Dr Roy Cheung, Assistant Professor in PolyU's Department of Rehabilitation Sciences. (PRNewsFoto/PolyU)

Roy Cheung, PT, PhD, assistant professor in the Department of Rehabilitation Sciences at The Hong Kong Polytechnic University, with examples of “minimalist” running shoes. (PRNewsFoto/PolyU)

For runners, when it comes to running, it’s all about the shoes. A recent study comparing minimalist and traditional running shoes suggests that running in minimalist shoes may affect leg and foot muscle volume.

In addition, the researchers suggest that minimalist shoes may have potential in rehabilitation programs as a way to treat injuries related to weak foot muscles rather than using orthotics.

Researchers at The Hong Kong Polytechnic University (PolyU) and Harvard Medical School conducted the study, which was published recently in Clinical Biomechanics.

According to a media release from PolyU, PolyU Department of Rehabilitation Sciences Assistant Professor Roy Cheung, PT, PhD, recruited 38 runners (mean age: 35) from local running clubs to participate in the study.

The 21 male and 17 female participants have all been running for an average of 6 years wearing traditional running shoes—which have a heel-to-toe drop of more than 5 mm, with an additional cushioning pad and artificial arch support.

From the main group, 20 were randomly selected to undergo a 6-month training program in which they were given a pair of minimalist running shoes and a self-monitoring program including transition exercise regimens such as calf strengthening exercise and balance training.

The other 18 participants in the control group were given the same exercise program, but instead continued to wear their traditional running shoes.

As opposed to the traditional running shoes, the minimalist running shoes used by the participants in the experimental group featured an open-topped upper made of stretchy fabric, five separate toe compartments, zero heel-to-toe drop, no midsole cushioning or arch support, and a uniform 3-mm outer sole, per the release.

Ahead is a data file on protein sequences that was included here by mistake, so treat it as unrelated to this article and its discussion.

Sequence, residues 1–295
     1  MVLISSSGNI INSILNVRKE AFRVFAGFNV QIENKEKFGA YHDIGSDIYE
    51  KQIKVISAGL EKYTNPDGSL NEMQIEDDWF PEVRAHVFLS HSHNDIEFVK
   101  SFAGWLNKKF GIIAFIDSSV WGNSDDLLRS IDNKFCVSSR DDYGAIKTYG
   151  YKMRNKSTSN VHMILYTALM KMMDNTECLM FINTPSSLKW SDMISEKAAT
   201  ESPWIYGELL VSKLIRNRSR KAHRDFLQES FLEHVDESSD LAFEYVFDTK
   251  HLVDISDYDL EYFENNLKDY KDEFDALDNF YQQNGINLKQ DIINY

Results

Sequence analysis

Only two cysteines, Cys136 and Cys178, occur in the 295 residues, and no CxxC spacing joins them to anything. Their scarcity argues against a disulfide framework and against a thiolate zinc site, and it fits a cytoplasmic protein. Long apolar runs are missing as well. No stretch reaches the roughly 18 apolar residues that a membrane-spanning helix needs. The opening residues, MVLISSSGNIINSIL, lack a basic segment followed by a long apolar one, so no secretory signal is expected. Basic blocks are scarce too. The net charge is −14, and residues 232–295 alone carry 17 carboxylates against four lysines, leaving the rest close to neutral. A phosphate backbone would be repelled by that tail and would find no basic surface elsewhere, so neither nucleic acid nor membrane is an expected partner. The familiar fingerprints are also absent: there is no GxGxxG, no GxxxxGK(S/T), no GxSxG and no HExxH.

All the participants underwent magnetic resonance imaging scanning to measure their right leg and foot muscles before and after the training program.

According to the release, per the MRI results, the participants in the experimental group exhibited significantly greater leg and foot volume.

The mean volume of the extrinsic foot muscles (EFM) attached from the leg to foot increased from around 25,100 mm3/kg to around 27,000 mm3/kg, an increase of 7.05%, and the intrinsic foot muscles (IFM) attached from the heel to toes increased from around 4,600 mm3/kg to near 5,000 mm3/kg, an increase of 8.8%.

The researchers also suggest there was a positive correlation between participants’ compliance with wearing the minimalist running shoes and the changes in their leg muscle volume.

The researchers explain in the release that, as the minimalist running shoes provide minimal cushioning and no mechanical support to the foot arches, the IFM and EFM, which function as important foot arch stabilizers, would experience greater demands for strength. The volumetric growth of EFM may also be due to higher strain and greater force generation in the posterior and medial calf muscles when running with minimalist running shoes.

They add that mid/forefoot landing imposed more stimuli to the anterior part of the foot, especially for the metatarsophalangeal joint, the joint of the foot, and the toes. Muscles responsible for metatarsophalangeal joint motions may therefore be strengthened with this type of landing.

[Source(s): The Hong Kong Polytechnic University, PR Newswire]